"To spend time with Marina Abramovic is a performance."
Inevitably, the Institute for the Preservation of Performance Art was going to draw Marina Abramovic acolytes. It sounds like Mark Allen met at least one at a preview of the new performance-art venue—is it a theater? a gallery? an archive?—in Hudson, N.Y. Abramovic, who is launching the center, has a go-to line that she likes to give press about the project: "It's going to be like Andy Warhol's Factory, without the drugs." But it sounds like the drug just may be Abramovic herself.
When the Institute for the Preservation of Performance Art opens in 2014, it will be one of many performance-art centers, as Abramovic told Allen. But it will be one of few that works so hard to control the circumstances of the viewer. As the artist told The Awl:
First, you will sign a contract that says you must stay for six hours, regardless if there are events scheduled for the entire time or not. Then you will surrender your Blackberry, your iPhone, your watch, your computer… anything that reminds you of time. Then you will be given a white lab coat, because you have become an experimenter. You will also be given sound-cancelling headphones which you can wear when you like.
You will have an attendant that will move you from room to room. You will be sitting inside a futuristic wheelchair that I'm creating specifically for the institute with designers and architects. It will be designed to have hot food contained in one arm, cold food inside another, and a place for liquids to drink. You will never have to get out of the chair unless you need to. The attendant will take you where you want. Even if you fall asleep—which people might after a 6- or 24-hour performance—you will dream of the performance because you will have in a sense not left it. This is all designed for long-duration experience.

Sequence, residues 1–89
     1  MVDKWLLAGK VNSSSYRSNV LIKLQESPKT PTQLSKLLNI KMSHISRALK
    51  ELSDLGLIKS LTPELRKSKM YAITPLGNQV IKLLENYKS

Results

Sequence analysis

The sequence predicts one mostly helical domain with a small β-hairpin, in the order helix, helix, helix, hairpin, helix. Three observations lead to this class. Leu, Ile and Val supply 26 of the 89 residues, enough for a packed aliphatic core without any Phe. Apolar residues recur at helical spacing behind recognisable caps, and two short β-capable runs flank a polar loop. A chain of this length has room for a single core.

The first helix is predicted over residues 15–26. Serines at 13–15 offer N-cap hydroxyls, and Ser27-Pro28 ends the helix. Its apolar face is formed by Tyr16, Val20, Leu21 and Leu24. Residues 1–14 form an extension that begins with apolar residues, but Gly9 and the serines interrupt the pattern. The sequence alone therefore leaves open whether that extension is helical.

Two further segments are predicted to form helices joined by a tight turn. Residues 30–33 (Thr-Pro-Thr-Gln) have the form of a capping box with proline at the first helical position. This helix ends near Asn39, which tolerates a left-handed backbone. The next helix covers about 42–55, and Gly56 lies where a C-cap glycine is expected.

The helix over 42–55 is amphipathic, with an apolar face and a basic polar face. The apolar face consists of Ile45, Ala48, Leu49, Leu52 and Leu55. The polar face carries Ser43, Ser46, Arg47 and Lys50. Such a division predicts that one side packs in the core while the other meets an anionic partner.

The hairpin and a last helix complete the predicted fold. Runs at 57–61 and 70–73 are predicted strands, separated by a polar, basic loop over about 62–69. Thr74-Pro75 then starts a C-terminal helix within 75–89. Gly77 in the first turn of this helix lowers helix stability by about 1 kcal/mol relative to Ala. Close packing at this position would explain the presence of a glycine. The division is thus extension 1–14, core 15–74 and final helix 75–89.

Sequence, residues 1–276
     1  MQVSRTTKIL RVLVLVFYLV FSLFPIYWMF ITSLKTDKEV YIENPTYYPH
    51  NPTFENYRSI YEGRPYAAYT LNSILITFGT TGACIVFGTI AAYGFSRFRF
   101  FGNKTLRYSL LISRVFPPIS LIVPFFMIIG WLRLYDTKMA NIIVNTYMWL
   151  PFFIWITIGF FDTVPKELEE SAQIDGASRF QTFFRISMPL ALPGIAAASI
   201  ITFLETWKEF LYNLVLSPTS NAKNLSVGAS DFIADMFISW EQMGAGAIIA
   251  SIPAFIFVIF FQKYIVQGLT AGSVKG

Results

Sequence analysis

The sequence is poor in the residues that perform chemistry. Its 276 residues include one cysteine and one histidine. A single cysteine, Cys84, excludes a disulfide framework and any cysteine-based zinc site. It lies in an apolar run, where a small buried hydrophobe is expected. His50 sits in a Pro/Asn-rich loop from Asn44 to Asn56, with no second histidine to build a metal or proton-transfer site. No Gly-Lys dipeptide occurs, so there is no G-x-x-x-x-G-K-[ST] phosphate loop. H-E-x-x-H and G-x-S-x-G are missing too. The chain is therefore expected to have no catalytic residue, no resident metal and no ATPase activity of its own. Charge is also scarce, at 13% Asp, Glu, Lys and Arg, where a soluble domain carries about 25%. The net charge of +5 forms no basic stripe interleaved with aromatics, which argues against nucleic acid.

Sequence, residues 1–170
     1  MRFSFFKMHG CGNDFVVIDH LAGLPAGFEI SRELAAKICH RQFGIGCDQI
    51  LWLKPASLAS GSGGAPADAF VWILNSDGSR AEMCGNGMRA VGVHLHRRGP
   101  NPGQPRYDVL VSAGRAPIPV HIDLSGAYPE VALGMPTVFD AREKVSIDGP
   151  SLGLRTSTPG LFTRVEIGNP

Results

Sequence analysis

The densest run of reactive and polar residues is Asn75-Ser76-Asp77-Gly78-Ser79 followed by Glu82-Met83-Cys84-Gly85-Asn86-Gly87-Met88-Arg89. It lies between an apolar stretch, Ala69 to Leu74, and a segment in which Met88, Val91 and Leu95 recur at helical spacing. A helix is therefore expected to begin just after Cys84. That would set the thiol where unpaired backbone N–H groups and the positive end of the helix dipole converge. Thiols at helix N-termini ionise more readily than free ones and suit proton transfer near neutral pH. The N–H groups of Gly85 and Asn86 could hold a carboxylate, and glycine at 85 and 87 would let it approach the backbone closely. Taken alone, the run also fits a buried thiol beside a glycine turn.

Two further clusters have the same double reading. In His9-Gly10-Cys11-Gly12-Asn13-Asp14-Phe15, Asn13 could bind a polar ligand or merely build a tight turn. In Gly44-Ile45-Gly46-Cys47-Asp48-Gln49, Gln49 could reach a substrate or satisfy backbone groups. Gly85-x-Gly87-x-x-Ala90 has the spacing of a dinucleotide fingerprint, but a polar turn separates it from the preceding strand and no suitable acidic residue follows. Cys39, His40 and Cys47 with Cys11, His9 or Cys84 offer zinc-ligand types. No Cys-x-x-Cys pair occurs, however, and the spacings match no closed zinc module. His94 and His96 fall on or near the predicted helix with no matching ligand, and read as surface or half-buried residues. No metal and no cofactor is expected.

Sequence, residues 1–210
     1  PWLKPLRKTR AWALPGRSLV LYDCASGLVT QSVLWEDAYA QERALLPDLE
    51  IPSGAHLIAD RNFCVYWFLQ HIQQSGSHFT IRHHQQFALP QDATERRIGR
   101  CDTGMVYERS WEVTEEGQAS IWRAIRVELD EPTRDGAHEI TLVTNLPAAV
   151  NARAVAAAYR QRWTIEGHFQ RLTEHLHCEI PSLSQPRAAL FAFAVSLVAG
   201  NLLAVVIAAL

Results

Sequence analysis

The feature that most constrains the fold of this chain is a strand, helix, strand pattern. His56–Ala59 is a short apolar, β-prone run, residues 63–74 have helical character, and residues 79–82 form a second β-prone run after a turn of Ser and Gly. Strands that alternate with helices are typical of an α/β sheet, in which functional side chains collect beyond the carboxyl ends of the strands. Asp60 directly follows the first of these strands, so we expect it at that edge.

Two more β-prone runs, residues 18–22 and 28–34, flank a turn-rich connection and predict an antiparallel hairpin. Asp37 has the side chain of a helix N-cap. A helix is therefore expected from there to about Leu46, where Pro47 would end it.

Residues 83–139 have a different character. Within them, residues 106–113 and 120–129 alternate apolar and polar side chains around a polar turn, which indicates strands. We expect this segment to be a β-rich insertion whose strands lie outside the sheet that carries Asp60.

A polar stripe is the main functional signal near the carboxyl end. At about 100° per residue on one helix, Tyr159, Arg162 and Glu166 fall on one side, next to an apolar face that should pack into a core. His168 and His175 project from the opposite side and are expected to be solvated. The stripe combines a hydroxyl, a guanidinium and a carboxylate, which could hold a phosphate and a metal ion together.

If there's one artist who can make those kinds of demands of viewers, it's Banksy. But if there's a second, it could be Abramovic. She cemented her star with "The Artist Is Present," probably the most successful performance-art exhibition that the Museum of Modern Art has ever staged. And she ensured her legacy by endorsing the notion that her performance works could be "reperformed"—they weren't one-time-only actions.
Given the context of all of her demands for participation at the Institute, then, the drive from New York City or elsewhere to Hudson, N.Y., seems modest. But it wasn't Abramovic's idea. Rem Koolhaas came up with that one.
Koolhaas and Shohei Shigematsu are renovating the former theater and tennis court. From Allen's pictures of the interior models, it looks as though the plans are heavily invested in Abramovic's program. Beyond a few small rooms and offices, much of the building is given over to an interior arena of some kind.
From just the few descriptions of Abramovic's plans that have emerged in interviews, the space is almost certainly a factor that will help to determine the Institute's success or failure. There are some artists who can ask for a viewer's rapt attention for hours on end in order to create the correct environment for a performance. But it will never work if the building doesn't do its part.